Viruses. 2021 Jun 26;13(7):1242. doi: 10.3390/v13071242.
The persistence of human immunodeficiency virus-1 (HIV)-associated neurocognitive disorders (HAND) in the era of effective antiretroviral therapy suggests that modern HIV neuropathogenesis is driven, at least in part, by mechanisms distinct from the viral life cycle. Identifying more subtle mechanisms is complicated by frequent comorbidities in HIV+ populations. One of the common confounds is substance abuse, with cannabis being the most frequently used psychoactive substance among people living with HIV. The psychoactive effects of cannabis use can themselves mimic, and perhaps magnify, the cognitive deficits observed in HAND; however, the neuromodulatory and anti-inflammatory properties of cannabinoids may counter HIV-induced excitotoxicity and neuroinflammation. Here, we review our understanding of the cross talk between HIV and cannabinoids in the central nervous system by exploring both clinical observations and evidence from preclinical in vivo and in vitro models. Additionally, we comment on recent advances in human, multi-cell in vitro systems that allow for more translatable, mechanistic studies of the relationship between cannabinoid pharmacology and this uniquely human virus.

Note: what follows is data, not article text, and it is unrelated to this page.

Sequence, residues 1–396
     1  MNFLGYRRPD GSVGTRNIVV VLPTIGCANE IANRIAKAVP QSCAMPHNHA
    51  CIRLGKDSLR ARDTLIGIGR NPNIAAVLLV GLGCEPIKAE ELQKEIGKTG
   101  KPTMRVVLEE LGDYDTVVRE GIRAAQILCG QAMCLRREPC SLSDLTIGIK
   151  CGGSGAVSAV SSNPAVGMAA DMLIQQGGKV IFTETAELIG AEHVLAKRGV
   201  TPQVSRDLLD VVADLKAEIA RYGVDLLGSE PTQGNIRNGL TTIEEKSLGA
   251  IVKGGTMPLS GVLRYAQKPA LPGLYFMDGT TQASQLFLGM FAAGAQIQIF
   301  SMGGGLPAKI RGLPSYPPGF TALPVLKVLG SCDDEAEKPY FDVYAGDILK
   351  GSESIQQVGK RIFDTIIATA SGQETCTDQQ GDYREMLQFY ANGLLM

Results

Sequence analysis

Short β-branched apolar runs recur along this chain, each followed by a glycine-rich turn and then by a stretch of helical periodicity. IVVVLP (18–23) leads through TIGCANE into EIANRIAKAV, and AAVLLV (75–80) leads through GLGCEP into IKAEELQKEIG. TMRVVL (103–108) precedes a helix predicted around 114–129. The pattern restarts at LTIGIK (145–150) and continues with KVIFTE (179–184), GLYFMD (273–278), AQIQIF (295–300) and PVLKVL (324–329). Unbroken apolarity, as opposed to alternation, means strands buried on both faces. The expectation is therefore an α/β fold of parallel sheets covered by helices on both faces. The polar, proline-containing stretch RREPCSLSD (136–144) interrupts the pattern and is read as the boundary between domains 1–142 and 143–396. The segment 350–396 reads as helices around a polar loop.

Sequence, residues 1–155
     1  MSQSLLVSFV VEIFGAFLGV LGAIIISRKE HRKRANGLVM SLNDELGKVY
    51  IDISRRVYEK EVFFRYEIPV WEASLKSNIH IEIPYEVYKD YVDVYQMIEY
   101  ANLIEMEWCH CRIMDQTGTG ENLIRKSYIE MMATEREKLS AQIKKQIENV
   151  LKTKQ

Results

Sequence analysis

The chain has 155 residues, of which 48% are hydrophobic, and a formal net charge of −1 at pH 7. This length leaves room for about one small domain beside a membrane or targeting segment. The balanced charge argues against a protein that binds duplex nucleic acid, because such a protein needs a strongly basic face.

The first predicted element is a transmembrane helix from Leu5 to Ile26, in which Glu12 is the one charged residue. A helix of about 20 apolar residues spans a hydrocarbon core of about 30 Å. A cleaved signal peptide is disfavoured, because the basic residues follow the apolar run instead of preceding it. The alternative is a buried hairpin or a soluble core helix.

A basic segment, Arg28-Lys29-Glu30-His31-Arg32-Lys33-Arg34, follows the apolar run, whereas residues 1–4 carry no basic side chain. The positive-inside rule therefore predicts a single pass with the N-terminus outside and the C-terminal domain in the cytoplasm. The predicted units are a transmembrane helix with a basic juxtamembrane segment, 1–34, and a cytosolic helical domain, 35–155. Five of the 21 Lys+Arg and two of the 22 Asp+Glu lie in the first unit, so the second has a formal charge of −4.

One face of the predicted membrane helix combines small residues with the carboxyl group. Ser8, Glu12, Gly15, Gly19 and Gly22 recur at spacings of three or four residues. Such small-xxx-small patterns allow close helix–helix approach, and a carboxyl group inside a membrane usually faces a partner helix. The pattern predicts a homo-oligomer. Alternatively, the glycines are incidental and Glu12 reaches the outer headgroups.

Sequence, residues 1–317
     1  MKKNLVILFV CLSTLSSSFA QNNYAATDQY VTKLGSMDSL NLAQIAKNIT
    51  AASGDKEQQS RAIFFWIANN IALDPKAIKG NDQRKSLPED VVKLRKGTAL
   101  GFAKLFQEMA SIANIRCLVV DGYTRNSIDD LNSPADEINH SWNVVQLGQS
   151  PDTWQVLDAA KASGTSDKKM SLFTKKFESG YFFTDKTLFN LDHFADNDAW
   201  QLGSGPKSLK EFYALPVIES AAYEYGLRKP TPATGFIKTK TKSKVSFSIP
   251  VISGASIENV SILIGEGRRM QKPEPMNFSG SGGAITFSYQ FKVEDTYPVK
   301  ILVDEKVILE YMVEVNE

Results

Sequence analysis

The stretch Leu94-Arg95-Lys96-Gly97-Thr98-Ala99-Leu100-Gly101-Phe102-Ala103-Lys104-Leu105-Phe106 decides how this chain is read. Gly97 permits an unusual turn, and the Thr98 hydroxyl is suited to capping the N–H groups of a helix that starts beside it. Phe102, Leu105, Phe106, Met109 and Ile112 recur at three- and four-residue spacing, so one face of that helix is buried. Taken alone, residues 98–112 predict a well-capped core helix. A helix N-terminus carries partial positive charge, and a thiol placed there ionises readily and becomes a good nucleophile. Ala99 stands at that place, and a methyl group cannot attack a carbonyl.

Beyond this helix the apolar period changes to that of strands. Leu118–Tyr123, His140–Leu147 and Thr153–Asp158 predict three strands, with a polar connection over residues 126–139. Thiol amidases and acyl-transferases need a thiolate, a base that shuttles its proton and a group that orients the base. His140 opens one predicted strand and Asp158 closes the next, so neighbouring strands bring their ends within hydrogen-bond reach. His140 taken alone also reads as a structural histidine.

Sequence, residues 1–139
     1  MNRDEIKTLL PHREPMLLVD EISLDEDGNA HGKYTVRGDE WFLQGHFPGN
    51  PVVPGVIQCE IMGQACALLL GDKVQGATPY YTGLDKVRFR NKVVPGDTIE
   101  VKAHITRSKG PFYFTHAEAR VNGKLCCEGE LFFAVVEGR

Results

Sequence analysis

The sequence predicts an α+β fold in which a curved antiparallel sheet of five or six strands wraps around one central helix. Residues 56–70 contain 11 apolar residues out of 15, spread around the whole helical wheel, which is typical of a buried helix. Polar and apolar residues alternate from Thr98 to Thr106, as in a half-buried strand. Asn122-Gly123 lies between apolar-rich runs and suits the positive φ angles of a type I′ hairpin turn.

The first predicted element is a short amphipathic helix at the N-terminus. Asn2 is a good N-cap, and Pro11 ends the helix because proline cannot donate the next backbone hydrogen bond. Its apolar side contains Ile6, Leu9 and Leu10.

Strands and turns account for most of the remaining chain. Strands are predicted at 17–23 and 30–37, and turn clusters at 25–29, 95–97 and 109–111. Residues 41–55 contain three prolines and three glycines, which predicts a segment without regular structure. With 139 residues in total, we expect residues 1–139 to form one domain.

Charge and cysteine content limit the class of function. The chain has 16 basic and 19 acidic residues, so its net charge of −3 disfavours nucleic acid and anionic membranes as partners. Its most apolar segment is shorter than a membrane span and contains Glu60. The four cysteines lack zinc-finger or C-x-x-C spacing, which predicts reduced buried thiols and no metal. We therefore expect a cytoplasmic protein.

Source: ncbi 2